News and Opinion from Sisters, Oregon

See you in the woods

Happy spring! We hope folks enjoyed the recent Sisters Rodeo, an event the Forest Service is proud to partner with by way of a special use permit and employee participation in the wonderful Rodeo Parade.

As daytime temperatures continue to increase, we will likely pause our prescribed fire program until the fall. This was a very successful spring for under-burning on the Sisters Ranger District, burning over two square miles (1,430 acres), including many long standing high-priority areas adjacent to homes and other infrastructure. We also used aerial ignitions with an un-crewed aerial system (UAS, aka drone) for the first time on a prescribed fire on the district.

Some people have asked why we burn on windy days. In essence, we need wind to disperse smoke away from populated areas and to achieve desired ecological fire effects. Wind speeds on the burn unit itself are typically much lower than those in open areas due to the sheltering effect of trees. If wind does blow embers across the holding line, we have crews and engines patrolling the burn perimeter to quickly squash any spot fires that may ignite.

We do not burn unless we have both the right predicted wind speed and direction, we receive site-specific spot weather forecasts from the National Weather Service prior to ignitions, and we monitor on-site wind speed/direction hourly while burning to make sure we stay within authorized prescriptions.

We have focused on protecting, maintaining, and improving essential infrastructure such as utilities and roads over the last year. Some examples are the recent authorization to reduce hazardous fuels around the City of Sisters water reservoir near Edgington Road. We also permitted utility connections to a cellular tower, with priority for first responders. And we authorized Central Electric Co-op (CEC) to clear their power line corridor along Forest Service Road 2058/North Pine Street for fire safety. Conversations with CEC employees about a similar project implemented near Camp Sherman revealed that there were also fewer winter power outages and disruptions following line clearing. The federal Office of Energy Efficiency and Renewable Energy states that “(Energy reliability),, is vital to human health, safety, and well-being and the nation’s economic prosperity and security. Reliable energy keeps life-saving hospital equipment and communications systems operating, buildings at safe temperatures with good ventilation, and much more.”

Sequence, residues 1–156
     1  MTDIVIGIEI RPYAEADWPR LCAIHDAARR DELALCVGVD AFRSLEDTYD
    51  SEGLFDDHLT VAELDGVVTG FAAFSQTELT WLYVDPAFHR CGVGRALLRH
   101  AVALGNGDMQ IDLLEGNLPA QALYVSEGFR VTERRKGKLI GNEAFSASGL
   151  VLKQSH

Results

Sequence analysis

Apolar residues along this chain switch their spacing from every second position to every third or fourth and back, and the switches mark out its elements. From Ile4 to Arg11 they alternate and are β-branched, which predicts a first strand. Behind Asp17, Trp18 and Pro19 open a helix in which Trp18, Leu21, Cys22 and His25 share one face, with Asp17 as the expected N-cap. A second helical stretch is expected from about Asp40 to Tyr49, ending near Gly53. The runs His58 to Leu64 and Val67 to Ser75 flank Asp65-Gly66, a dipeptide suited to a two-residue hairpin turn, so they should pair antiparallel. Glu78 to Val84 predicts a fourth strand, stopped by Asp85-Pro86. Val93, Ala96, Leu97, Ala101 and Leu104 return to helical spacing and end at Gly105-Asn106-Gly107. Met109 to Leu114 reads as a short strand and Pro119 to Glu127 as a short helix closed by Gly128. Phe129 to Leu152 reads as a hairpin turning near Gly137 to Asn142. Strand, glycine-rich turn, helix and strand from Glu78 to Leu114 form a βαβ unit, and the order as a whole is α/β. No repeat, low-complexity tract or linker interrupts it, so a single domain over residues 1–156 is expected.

Another form of infrastructure we are investing in is our forest road system. Our dedicated employees are working on repairing and maintaining several popular road systems this spring including the 12 and 14 roads near Camp Sherman, the 1230 and 1234 roads near Jack Creek and Lake, and the 11 and 1170 roads near Green Ridge. Our forest road crew will have recently graded the 16 road (Three Creek Road), with the gate scheduled to be opened the morning of June 12. Other forms of infrastructure improvement include the Whychus Creek Overlook retrofit, largely funded by grants and our partner Sisters Trails Alliance. Sometimes infrastructure is just not worth the investment to maintain, as is the case with a dilapidated and condemned bridge crossing the Metolius River that we plan on removing next month.

Spring is a prime time for recreational shooting, a valid use of the national forest. We ask that shooters follow safe practices including using an appropriate backstop and not shooting near or across occupied areas, trails, or roads. A free brochure showcasing nearby suitable shooting areas is available at the ranger station or you can search The Nugget archives. We do need shooters to remove all trash when they are done, including used targets and spent casings or shells. Exploding targets, tracer bullets, and fireworks are ALWAYS prohibited on the national forest.

Spring also means wildflowers. It’s still too early to see the floral show at high-country spots like Canyon Creek Meadows, but close to town you will find gorgeous displays of lupine, paintbrush, balsamroot, and buckwheat.

Finally, we welcome two new permanent employees: supervisory wildlife biologist Laura McMahon, and fish biologist Nate Dachtler, who replaced longtime district employee Mike Riehle. Our station is open during construction for firewood and mushroom permits, maps, or just answering questions about trip planning.

See you in the woods!


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